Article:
Working Group Seeks Widespread Clinical Decision Support Implementation for Opioid Care by 2021

Oct. 25, 2018
An Opioid Action Plan developed by a working group of the Patient-Centered Clinical Decision Support (PCCDS) Learning Network has set an ambitious goal of delivering PCCDS interventions that improve pain management and opioid use outcomes for 2 million patients by 2021.

An Opioid Action Plan developed by a working group of the Patient-Centered Clinical Decision Support (PCCDS) Learning Network has set an ambitious goal of delivering PCCDS interventions that improve pain management and opioid use outcomes for 2 million patients by 2021. Provider organizations such as Kaiser Permanente and the Veterans Administration have already started using its framework to develop tools.

The working group, co-chaired by consultant Jerry Osheroff, M.D., and Barry Blumenfeld, M.D., a senior physician informaticist at RTI International, kicked off in April 2018. It has developed five scenarios in which clinical decision support could be helpful and described 19 PCCDS interventions that could be implemented.

The scenarios envision clinicians using order sets, registries, prescription drug monitoring programs and shared decision-making tools with patients to identify evidence-informed, non-opioid interventions to try. They also foresee patient using mobile tools to document progress, support adherence to a plan, and address questions and issues that arise.

“We want to see these future scenarios and PCCDS interventions widely and successfully implemented,” Osheroff said. Patient involvement in decision making is central to the effort. “The raison d’etre of the Learning Network is working toward a world where clinicians and patients are working together on shared care plans and shared decision making.”

Although many of the interventions the working group describes exist in some provider organizations, few are widespread yet, Blumenfeld said. “The current state is rapidly changing and is pretty nascent,” he added.  The CDC published guidelines for opioids and pain management two years ago and those are just beginning to filter out as actual CDS artifacts from organizations such as ONC and CDS Connect. “There are isolated islands of activity at the moment, and I think many people are hoping for that to change quite quickly,” he noted, adding that Congress recently passed an opioid bill that has health IT components to it.

The working group presented its work recently at the annual meeting of the Learning Network and is preparing to issue a report in January. That report will contain a roadmap and plan detailing scenarios, high-value interventions, recommendations, and descriptions of the coordinated actions being taken by stakeholders.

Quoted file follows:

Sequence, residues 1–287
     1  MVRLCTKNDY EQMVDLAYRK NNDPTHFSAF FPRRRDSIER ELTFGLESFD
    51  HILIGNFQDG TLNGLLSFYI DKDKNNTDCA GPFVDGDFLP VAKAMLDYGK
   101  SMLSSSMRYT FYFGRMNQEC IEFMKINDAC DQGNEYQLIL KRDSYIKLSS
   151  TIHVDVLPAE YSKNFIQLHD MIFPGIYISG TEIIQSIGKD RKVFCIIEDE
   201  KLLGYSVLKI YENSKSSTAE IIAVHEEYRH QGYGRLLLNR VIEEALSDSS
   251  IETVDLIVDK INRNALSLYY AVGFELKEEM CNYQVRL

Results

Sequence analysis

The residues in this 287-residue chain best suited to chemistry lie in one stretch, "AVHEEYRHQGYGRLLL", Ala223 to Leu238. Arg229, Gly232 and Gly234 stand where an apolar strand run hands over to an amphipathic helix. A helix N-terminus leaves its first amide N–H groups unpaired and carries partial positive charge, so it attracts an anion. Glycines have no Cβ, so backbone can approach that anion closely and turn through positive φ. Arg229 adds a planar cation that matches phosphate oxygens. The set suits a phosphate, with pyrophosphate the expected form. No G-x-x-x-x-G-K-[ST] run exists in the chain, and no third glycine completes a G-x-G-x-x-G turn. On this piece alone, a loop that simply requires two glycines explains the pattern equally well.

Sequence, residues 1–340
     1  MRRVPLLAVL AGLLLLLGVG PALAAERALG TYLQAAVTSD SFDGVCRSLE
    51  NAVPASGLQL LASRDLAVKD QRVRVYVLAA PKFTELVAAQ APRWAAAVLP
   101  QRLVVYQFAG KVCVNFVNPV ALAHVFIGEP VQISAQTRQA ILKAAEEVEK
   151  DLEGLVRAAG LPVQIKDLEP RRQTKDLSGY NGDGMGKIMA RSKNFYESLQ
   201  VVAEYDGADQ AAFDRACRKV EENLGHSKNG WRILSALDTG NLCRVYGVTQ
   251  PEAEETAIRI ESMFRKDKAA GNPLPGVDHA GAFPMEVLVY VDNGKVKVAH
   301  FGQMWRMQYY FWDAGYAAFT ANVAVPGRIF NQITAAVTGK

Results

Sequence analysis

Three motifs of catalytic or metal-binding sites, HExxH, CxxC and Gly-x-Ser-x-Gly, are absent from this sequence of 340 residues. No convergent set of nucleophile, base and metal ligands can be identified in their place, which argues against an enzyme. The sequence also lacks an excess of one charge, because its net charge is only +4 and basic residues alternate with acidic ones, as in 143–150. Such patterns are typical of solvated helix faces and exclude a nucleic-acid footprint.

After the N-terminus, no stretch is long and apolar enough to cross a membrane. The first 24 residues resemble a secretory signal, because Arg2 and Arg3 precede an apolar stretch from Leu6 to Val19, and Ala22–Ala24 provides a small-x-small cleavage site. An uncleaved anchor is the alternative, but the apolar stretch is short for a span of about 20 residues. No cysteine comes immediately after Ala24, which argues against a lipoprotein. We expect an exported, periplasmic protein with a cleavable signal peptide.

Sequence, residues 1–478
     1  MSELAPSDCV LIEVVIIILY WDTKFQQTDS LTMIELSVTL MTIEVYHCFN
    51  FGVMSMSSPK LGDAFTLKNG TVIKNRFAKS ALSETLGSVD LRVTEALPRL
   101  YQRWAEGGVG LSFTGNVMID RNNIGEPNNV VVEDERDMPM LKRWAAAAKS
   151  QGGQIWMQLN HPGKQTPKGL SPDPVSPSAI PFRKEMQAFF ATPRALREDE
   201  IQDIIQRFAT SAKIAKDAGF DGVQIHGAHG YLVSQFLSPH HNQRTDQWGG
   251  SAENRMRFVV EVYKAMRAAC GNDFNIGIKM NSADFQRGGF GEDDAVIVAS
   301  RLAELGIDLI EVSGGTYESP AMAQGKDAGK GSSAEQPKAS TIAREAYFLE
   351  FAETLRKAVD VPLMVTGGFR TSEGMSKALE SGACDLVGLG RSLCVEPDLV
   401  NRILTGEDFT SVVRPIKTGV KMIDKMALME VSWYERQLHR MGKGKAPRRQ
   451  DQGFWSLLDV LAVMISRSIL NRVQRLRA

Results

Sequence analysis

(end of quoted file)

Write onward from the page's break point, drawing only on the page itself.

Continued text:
Among the interventions that drew the most interest at the meeting was a dashboard to characterize what type of opioid use or pain management history a patient has had, what their functional status is, and what their response to different treatments has been.

Osheroff said there were two big takeaways from the feedback received at the meeting: One was that the scenarios the working group developed are compelling ones to patient advocates, providers and EHR developers. Another was that people involved in the process would like to see the collaboration, dialog and sharing that took place among working group participants continue in some type of ongoing forum.

“We actually found that there are already activities being undertaken that represent early implementations or progress toward making those scenarios a widespread reality,” Osheroff said. EHR vendors that are participating in the working group have started using the scenarios as use cases for their product development, he added. Kaiser, Epic and EBSCO are in talks about developing and implementing certain kinds of interventions together.

Provider organizations are starting to use the scenarios to paint a picture about how their work can move things toward the aspirational goal, Osheroff added. “One huge thing that happened was that Jonathan Nebeker, deputy CMIO for the VA, stood up at the meeting and said the work we have already done has started to affect how the VA is approaching this issue.”

Osheroff admits the goal of reaching 2 million patients with these interventions by 2021 is quite ambitious. “We said, ‘Let’s put a marker out there that says this is what we are trying to accomplish.’ The audience for that is the change agents within each of these stakeholder groups who are in a position to move the ball closer to that desired aim. We want them to take steps to make these interventions more widespread and helpful than they are today or would otherwise be without this document having been produced.”

 “We don’t want this to be a report that sits on a shelf,” Blumenfeld added. “It is a living initiative we hope will snowball and gain momentum as more stakeholders commit to specific actions to move this forward.”

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